In this edition of The Spark News Roundup, we highlight a California early learning campaign to shrink language disparities by installing conversation prompts into playgrounds, an innovative scaffolding technique for teaching English-language learners, how America’s academic approaches differ from the rest of the world, and more.
With the new year underway, Huffington Post contributor Claire Stead predicts what edtech trends will come along with it, from digital teaching assistants to virtual and augmented reality to more robust built-in security technology, it seems the sky is the limit.
We were intrigued by this NPR article in which reporters Elissa Nadworny and Anya Kamenetz talk with parents about their thoughts on screen time, social media, online safety, and more. For example, on the topic of digital media use in the classroom, parent Jessica Millstone says, “There is this atmosphere [in schools] of a kind of lockdown against electronics… I do wish more schools had a sort of intentional balance [around digital media].”
At HMH, we’re big believers in the importance of early language and brain development, so we were excited to read this Atlantic story highlighting an early learning campaign recently launched at Officer Willie Wilkins Park in Oakland, Calif. to shrink language disparities and provide parents with tools to engage meaningfully with their children. Mixed in among the park’s brightly colored structures are illustrated panels containing conversation prompts, like “let’s talk about the sunshine,” for caregivers to discuss with their playing children.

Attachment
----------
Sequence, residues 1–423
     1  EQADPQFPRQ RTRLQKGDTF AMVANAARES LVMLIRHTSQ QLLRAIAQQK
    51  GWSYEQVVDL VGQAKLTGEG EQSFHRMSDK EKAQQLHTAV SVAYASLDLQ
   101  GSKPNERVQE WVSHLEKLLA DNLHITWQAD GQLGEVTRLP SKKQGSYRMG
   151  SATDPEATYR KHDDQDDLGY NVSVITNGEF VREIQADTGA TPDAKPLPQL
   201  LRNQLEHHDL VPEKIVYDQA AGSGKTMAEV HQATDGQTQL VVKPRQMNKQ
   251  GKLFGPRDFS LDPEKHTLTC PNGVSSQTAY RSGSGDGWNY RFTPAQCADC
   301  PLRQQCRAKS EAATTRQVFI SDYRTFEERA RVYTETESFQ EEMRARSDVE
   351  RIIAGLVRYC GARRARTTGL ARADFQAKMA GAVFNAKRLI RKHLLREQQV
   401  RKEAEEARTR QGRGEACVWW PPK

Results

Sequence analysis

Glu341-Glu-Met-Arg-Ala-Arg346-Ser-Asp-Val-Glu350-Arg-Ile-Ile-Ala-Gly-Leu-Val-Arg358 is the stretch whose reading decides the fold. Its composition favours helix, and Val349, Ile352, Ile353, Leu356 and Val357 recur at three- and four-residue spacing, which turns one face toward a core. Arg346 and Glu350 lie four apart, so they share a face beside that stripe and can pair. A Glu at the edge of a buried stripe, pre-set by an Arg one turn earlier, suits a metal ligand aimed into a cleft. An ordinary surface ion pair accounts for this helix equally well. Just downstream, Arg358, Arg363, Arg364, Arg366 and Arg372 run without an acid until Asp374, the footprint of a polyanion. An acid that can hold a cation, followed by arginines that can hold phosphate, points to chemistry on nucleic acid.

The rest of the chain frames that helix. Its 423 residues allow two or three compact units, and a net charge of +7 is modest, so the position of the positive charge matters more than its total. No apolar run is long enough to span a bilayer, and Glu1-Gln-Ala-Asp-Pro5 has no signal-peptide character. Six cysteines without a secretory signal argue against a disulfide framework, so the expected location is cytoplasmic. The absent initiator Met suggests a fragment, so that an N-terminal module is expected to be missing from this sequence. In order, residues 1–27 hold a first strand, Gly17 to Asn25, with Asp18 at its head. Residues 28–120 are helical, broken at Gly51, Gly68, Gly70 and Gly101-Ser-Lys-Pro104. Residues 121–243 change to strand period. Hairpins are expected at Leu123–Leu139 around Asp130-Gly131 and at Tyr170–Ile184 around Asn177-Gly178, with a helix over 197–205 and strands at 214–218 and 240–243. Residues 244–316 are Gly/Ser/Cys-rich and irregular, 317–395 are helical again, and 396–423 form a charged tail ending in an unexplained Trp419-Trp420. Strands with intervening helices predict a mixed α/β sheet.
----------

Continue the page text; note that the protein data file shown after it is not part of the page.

When it comes to the education of America’s youth, we know there are always opportunities for improvement. PBS Newshour reminds us of the value in looking outside of the US for inspiration by speaking with foreign exchange students living in the US about how America’s academic approaches differ from the rest of the world.
We love hearing about innovative, new ways that educators are engaging English-language learners (ELL) in the classroom and were particularly jazzed about this Education Week video highlighting a California high school teacher’s scaffolding instruction technique, “I do, we do, you do.” By gradually releasing assignment responsibility, she is meeting the needs of her diverse learners and setting them up for success.
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